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Re: Bike shop turned my bike into Frankenstein's monster...advice?

Postby karlt » 29 May 2016, 12:05am

Under the Sale of Goods Act, the responsibility is with the retailer, as that's who the customer purchasing from that retailer has a contract with. Of course, in this case, the second-hand purchaser has no contract with the original retailer so no contract exists, so one is reliant on the manufacturer's warranty. It's one of the advantages of buying from a dealer rather than privately, although with used goods it's a bit muddier, as obviously a used item is not going to be exactly the same as a new one. In this case, as far as I can see, the shop is under no obligation whatsoever to do anything, as no contract exists between the purchaser and that shop. They're certainly not going to be inclined to do more than the manufacturer is willing to offer them, because it's only going to cost them money. You could possibly hold the manufacturer's feet to the fire a bit and get them to replace the frame to match the replacement fork, but I'd not like to argue that one too heavily.

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Re: Bike shop turned my bike into Frankenstein's monster...advice?

Postby Vorpal » 29 May 2016, 12:59am

Sorry if my post wasn't completely clear. Product recalls are the manufacturer's liability because they under the greatest burden to provide a safe product.

The return of faulty goods where safety is not affected, falls under Sale of Goods and is the responsibility of the retailer. The retailer is under no obligation with regard to goods purchased elsewhere or secondhand.

Faults that affect the safety of a product, however remain the responsibility of the manufacturerer, independent from retailers. Therefore product recall programs (which are normally issued to reduce exposure to liability suits) are the responsibility of the manufacturerer, not the retailer.
“In some ways, it is easier to be a dissident, for then one is without responsibility.”
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Re: Bike shop turned my bike into Frankenstein's monster...advice?

Postby mattsccm » 29 May 2016, 8:08am

Without all the possible legal stuff. 2nd hand bike? I suspect you have had very good service probably better than you deserved :D .( in the nicest possible way I mean)
I would be getting a quick paint job and a smug feeling that you had got a good deal for your original purchase price :D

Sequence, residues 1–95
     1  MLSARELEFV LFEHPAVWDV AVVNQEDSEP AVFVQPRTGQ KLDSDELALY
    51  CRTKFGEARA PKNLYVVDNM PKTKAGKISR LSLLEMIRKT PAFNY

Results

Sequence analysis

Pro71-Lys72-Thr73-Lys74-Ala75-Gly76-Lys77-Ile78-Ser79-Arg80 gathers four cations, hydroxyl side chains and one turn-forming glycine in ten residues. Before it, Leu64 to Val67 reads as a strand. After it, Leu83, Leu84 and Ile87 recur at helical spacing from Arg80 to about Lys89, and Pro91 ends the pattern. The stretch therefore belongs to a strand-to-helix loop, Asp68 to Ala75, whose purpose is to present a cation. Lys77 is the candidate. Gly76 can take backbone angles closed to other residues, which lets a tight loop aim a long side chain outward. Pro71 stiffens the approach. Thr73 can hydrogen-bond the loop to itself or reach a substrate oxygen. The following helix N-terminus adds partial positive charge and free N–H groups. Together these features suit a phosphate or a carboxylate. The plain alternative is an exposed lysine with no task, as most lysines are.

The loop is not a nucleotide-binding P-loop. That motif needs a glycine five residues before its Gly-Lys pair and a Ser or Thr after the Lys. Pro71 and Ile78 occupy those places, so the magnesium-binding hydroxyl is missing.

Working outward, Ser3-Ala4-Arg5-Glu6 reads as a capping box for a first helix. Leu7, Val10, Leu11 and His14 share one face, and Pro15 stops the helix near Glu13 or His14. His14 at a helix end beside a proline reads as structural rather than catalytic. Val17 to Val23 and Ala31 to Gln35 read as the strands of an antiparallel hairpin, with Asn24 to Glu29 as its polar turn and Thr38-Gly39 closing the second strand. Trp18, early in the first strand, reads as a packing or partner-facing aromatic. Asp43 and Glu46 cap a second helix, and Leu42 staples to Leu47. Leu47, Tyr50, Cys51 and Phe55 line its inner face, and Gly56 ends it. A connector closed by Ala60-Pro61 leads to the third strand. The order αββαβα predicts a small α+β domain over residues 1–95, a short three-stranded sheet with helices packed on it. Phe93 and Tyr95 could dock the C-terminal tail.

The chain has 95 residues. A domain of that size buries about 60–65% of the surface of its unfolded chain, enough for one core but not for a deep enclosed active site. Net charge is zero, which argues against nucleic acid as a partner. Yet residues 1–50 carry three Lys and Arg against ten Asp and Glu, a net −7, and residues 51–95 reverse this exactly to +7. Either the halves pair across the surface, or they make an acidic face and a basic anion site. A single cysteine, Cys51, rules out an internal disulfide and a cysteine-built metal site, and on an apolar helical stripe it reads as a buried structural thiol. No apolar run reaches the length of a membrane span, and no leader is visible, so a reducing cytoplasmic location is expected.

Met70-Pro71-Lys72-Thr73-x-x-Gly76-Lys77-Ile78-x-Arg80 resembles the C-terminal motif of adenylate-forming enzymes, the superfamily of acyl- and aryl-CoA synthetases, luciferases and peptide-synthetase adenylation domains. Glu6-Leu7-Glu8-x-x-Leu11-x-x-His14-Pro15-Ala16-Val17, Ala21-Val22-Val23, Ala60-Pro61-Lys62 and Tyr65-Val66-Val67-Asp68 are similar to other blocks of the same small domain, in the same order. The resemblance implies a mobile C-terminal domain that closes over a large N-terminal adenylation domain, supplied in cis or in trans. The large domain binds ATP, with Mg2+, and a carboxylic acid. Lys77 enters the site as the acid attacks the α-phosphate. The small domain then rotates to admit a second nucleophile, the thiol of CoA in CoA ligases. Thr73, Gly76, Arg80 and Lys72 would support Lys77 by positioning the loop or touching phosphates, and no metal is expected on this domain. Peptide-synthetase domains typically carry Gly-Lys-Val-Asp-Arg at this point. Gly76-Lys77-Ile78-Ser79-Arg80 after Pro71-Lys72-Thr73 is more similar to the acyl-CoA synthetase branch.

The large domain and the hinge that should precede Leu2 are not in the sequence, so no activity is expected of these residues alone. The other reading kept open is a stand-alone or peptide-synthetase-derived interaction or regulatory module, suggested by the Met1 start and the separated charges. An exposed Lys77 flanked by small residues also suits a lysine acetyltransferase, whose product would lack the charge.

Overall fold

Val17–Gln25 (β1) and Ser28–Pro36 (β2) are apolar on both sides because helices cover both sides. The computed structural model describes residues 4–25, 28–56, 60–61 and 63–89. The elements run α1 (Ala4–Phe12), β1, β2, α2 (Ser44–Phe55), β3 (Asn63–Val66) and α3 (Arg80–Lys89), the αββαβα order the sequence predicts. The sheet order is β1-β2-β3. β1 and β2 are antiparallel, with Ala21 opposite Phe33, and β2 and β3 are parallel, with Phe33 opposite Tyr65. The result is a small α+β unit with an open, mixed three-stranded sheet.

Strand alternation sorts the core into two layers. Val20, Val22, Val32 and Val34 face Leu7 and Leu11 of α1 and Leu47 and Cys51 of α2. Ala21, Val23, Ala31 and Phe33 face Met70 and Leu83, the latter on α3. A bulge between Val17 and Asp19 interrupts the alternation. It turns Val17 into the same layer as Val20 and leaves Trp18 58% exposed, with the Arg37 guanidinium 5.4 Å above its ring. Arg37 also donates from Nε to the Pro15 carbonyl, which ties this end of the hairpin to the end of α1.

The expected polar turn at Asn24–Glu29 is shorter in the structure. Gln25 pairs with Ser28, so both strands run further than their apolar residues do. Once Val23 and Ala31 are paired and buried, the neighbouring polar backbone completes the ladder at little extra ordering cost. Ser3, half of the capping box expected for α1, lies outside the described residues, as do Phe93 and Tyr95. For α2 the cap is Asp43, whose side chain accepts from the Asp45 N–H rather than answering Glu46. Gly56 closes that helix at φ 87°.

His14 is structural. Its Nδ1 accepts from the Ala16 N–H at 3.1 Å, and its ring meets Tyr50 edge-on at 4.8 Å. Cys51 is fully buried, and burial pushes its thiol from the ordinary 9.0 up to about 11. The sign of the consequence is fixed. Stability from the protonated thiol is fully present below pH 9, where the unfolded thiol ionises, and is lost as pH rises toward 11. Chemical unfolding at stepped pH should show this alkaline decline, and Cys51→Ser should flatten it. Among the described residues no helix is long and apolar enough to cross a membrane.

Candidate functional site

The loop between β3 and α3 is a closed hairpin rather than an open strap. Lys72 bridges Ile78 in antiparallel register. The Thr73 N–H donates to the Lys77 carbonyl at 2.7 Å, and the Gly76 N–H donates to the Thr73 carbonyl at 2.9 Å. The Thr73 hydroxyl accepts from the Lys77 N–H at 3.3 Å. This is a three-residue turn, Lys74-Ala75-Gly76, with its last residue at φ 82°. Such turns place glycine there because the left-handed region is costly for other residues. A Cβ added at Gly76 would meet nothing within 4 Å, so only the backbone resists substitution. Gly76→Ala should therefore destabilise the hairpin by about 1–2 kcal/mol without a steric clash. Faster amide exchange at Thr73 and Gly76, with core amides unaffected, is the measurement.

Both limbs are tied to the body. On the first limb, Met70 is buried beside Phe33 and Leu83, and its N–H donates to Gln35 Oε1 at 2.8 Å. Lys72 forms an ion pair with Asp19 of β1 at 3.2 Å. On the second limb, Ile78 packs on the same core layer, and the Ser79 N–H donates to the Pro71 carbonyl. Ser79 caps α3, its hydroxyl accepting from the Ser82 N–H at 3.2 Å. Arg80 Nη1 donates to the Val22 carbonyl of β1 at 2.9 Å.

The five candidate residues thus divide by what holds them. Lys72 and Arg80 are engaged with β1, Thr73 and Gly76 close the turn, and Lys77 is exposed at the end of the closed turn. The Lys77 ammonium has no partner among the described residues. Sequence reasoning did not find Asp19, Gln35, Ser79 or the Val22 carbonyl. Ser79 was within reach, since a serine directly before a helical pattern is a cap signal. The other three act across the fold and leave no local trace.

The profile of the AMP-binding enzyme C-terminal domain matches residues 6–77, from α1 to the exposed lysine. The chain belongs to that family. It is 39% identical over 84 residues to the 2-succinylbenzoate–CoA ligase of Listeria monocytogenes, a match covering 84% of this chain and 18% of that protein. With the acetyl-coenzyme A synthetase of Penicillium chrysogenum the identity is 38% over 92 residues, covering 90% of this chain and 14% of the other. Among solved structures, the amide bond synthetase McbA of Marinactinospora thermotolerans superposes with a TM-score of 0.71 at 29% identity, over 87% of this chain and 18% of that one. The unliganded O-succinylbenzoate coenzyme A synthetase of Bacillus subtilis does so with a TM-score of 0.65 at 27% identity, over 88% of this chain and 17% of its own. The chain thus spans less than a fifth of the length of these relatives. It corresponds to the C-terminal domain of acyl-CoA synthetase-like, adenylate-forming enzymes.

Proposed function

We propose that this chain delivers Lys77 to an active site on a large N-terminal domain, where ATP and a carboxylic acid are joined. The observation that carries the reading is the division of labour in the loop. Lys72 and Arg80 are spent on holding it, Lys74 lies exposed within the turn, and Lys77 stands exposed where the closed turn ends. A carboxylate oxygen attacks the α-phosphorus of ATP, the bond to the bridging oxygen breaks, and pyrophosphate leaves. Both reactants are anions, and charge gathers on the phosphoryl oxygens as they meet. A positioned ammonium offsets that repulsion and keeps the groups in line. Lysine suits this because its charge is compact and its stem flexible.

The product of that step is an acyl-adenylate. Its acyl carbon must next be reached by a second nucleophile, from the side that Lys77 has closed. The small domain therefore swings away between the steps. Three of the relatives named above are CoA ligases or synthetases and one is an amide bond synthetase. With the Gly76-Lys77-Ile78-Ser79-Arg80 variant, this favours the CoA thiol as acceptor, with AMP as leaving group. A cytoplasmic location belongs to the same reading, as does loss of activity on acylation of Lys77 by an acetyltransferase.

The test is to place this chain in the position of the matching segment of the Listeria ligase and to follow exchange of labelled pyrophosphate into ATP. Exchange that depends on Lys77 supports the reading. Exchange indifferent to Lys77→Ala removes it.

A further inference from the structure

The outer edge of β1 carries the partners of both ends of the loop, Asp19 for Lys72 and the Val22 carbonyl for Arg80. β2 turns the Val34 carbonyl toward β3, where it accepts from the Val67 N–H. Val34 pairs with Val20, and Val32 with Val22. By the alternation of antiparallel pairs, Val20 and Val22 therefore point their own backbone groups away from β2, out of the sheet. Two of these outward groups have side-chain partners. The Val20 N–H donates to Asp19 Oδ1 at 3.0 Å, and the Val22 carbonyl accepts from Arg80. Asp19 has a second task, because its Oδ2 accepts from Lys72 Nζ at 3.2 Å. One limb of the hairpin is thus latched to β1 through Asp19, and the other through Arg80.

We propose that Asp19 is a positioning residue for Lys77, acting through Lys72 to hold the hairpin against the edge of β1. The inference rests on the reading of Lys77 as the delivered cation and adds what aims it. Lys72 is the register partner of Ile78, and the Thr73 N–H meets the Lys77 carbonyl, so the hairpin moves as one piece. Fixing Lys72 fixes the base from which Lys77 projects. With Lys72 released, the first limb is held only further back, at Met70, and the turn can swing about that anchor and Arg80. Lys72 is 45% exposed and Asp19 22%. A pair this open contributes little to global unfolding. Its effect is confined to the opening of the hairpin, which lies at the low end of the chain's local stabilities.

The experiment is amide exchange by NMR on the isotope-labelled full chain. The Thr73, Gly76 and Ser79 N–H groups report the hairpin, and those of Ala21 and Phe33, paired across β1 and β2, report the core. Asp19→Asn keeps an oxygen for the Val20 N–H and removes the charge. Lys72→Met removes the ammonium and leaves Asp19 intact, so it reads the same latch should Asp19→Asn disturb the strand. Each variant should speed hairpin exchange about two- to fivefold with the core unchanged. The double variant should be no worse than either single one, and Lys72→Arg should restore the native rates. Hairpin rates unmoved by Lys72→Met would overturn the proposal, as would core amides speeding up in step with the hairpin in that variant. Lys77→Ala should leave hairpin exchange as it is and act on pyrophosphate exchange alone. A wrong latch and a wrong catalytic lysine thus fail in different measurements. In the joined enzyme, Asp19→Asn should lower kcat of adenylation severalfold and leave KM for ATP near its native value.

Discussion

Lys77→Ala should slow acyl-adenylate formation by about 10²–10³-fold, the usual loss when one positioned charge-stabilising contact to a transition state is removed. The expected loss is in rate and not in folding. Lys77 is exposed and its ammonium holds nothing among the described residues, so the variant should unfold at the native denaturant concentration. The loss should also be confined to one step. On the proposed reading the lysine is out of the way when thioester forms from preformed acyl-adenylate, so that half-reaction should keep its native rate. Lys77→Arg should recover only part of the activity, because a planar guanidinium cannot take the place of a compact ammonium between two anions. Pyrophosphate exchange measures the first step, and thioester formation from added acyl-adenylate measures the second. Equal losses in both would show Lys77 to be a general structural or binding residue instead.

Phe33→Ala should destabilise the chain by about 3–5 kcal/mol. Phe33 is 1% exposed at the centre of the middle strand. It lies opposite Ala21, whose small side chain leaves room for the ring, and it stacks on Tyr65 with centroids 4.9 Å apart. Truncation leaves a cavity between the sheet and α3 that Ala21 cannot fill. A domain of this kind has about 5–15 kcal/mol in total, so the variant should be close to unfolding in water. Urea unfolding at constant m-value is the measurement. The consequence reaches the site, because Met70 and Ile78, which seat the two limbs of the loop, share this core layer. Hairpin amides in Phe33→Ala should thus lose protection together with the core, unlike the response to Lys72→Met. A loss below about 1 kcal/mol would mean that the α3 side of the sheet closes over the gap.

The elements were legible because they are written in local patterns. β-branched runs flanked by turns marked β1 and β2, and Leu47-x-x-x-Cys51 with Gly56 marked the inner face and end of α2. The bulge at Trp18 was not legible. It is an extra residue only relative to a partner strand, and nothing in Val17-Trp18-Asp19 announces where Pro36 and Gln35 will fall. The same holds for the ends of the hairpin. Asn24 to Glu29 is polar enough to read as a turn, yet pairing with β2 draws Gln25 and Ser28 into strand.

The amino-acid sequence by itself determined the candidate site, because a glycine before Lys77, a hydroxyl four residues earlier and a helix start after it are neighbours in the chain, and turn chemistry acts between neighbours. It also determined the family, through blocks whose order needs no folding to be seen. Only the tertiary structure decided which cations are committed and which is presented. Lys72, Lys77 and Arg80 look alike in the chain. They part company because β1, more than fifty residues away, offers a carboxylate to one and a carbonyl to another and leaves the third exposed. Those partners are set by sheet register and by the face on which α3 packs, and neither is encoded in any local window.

Or sell the forks and buy some alloys to match.

leeuk321
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Re: Bike shop turned my bike into Frankenstein's monster...advice?

Postby leeuk321 » 29 May 2016, 9:37am

Thanks for everyone's replies. I think everyone's generally in agreement to where the responsibility lies, and that it definitely doesn't lie with the bike shop. And just to be clear, I definitely don't feel that the bike shop is obligated to me in any way. I didn't buy the bike originally from them and they went above and beyond in diagnosing where the creaking sound was coming from, contacting the manufacturer and then fitting them. My only small qualm is that they didn't let me know at any point that the forks were different, even when they called to say that the forks had been fitted and my bike was ready. I suspect that the forks were a surprise to them, but since they probably had a legal responsibility to fit them - and also maybe the manufacturer had repossessed the original forks for legal reasons) - they had no choice but to fit them so they didn't want to encourage me disliking them by 'making a thing' about them. That's what I suspect, because thinking back they were a little sheepish when I collected and really 'sold' them to me saying they were carbon and that they'd spent hours finding the fault. Anyway, like I said that's my only small qualm with the bike shop.

If the bike shop gets nowhere with the manufacturer and says that they've done what they can do then I'm happy with their efforts and won't involve them further, whatever course of action I decide to take.

But like I said, I completely wouldn't mind if they were just a blank black or carbon colour. It's just the introduction of 3 different colours to my 3-colour bike scheme that's horrendous.

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Re: Bike shop turned my bike into Frankenstein's monster...advice?

Postby Samuel D » 29 May 2016, 10:12am

I think you’re being perfectly reasonable, and it’s not for you to worry about the wrongs of the industry and whether the manufacturer is exploiting the shop.